Broad-footed Mole (Photo credit: K Schneider)
Broad Footed Mole
The Broad Footed Mole is known to be a territorial mole species and would do everything to defend their home range. They are known to patrol the tunnel systems they keep, confronting any other animal that enter their burrows. This mole behavior becomes more apparent when a female mole becomes pregnant or there are young moles which they need to care, feed and protect.
They are also known as 'The Californian Mole' and can be identified by their fur. Their body's coated with brown grey fur at the upper portion, with grayish silver in their underside part. Their short tail has a small hair tuft on its tip. Their average length is around 5.5 inches to 5.75 inches, with tail of around 1.50 inches to 1.70 inches. Their snout is narrow compared to other mole species. Studies suggest they weigh from 2.0 to 2.3 oz.
As their other name suggest, this mole species can be seen mostly in California and its surrounding regions. The Bare Footed Mole is also widely distributed in Mexico's Baja region as well as in Oregon. Their natural habitat includes pastures, orchards, forests, cropland, open meadows, vineyards and grasslands. Studies show they can live up to 9,700 feet above sea level. They're not known to live near water or flooded places.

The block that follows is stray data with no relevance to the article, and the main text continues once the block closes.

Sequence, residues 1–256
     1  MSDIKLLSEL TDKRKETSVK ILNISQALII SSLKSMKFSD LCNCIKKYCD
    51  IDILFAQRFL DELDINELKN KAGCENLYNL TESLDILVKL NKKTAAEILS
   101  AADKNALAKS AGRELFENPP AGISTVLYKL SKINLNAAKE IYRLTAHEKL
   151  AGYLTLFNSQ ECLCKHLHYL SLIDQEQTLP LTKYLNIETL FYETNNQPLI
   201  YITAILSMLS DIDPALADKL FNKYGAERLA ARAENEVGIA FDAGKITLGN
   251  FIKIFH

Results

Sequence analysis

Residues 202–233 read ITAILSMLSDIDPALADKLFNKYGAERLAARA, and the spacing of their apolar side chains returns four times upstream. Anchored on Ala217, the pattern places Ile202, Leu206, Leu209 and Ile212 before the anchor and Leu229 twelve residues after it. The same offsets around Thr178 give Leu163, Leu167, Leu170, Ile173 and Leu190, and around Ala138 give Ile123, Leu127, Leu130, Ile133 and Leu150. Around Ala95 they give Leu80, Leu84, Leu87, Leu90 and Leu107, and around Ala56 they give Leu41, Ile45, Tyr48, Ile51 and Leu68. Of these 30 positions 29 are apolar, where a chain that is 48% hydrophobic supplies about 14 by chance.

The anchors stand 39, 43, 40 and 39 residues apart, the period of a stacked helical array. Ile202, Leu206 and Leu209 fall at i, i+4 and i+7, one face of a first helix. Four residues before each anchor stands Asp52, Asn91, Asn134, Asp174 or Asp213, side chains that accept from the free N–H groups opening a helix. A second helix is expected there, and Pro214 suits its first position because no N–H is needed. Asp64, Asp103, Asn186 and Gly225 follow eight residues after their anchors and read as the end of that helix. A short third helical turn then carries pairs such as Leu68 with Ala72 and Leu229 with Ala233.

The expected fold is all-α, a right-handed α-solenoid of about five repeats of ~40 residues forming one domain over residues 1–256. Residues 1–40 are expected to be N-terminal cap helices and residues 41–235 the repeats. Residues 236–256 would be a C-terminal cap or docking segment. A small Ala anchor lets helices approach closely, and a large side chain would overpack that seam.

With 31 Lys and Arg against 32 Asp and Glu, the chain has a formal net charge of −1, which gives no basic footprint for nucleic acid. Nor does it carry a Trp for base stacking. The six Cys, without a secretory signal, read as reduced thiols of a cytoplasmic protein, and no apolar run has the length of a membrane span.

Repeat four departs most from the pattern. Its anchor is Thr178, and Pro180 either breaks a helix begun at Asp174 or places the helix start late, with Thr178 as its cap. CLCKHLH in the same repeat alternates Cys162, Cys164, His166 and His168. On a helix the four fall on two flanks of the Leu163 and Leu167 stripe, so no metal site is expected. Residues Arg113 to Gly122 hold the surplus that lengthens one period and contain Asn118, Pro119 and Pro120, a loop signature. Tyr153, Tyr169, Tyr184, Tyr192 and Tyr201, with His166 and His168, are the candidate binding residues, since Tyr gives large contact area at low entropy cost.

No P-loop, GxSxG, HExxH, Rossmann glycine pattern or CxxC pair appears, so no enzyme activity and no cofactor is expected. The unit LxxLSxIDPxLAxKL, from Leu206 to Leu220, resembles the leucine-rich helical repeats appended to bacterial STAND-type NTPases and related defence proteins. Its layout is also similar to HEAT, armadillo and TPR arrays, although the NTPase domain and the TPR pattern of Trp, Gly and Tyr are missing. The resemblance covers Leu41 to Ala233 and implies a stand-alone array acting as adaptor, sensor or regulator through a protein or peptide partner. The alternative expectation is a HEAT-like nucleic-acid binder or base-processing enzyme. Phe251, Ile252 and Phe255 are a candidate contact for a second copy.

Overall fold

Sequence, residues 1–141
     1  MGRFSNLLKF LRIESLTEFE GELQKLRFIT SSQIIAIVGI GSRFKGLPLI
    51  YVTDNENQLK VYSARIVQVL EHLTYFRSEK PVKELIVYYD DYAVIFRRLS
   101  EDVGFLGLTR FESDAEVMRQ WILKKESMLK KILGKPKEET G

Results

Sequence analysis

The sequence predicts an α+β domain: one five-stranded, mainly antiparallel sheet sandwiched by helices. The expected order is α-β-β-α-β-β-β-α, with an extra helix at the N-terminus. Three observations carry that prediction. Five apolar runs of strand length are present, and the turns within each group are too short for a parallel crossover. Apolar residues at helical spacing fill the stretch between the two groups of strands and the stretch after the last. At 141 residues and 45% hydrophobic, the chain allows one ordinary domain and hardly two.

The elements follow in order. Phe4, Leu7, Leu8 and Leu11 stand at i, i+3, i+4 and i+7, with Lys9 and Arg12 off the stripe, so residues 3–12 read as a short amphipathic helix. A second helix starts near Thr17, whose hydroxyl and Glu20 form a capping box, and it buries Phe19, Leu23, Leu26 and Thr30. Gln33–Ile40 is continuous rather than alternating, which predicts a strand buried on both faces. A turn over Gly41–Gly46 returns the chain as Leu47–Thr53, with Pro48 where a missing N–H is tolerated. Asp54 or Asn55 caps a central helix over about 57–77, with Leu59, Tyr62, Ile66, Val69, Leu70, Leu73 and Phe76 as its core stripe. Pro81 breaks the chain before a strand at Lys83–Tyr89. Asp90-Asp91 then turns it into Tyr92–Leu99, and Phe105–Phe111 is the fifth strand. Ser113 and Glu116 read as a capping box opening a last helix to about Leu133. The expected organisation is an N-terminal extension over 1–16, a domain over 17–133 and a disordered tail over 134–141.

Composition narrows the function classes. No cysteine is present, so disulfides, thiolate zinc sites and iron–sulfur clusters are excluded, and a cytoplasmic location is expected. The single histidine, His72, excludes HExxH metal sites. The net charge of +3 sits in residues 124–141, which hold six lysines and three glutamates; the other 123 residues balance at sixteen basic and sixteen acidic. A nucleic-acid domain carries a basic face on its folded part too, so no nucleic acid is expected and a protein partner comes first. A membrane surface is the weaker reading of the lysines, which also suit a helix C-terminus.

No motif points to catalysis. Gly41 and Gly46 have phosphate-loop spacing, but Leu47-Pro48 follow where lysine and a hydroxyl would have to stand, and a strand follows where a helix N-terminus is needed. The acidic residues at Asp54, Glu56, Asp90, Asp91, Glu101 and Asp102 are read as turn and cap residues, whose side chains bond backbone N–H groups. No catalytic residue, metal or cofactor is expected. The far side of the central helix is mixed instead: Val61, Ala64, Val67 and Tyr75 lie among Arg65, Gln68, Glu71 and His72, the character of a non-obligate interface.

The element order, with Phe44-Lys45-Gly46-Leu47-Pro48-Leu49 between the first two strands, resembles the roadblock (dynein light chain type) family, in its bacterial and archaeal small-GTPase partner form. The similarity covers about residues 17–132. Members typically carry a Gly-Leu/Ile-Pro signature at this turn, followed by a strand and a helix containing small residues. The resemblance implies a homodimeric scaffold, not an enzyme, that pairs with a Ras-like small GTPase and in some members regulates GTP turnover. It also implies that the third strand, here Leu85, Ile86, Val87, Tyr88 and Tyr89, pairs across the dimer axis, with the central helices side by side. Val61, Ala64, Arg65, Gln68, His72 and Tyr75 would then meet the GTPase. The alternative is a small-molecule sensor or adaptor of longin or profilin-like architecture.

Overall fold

This mole's choice of ground includes rich soil, that's a bit moist and that's sparse with vegetation. Their usual behavior shows that they forage their burrows a few inches below the surface soil, which sometimes leave visible trail marks. The mole often work on deep tunnels for their main nest where they often sleep. They would often bring leaves, small twigs, for their nest. A slightly large molehill can be a mark for their nest.
The mole species have scooping lengthy claws on their feet. If measured, it is more wider than longer which gives them the name Bare Foot Moles. This term has been given in comparison to majority of mole species which most without broad feet.
English: Broad-footed Mole (Scapanus latimanus) range
The Broad Footed Moles consume insects such as earthworms and larvae. It has been discovered though that the main purpose of their temporary burrows is to capture as many worms as they can. This mole species would then abandon the tunnels if they sense there's no more worms in the soil. They would be able to do this throughout the year, day or night. According to some studies, the mole is active during rainy season, partly because worms and larvae become displaced because of water.
This wildlife animal would rather live alone for extended periods and would only join other moles when the mating season arrive. Their peak breeding periods occur somewhere in late January to early March. They usually have young litters after four to six weeks. They may have two to six young babies, staying in their nest for 4 - 5 weeks.
The Broad Footed Mole is handled under wildlife management through wildlife trapping and lawn pest removal programs. If there are other concerns brought by the mole or any other nuisance creature, be sure to get in touch with a wildlife professional. They have experience in handling different situations and issues on wildlife species.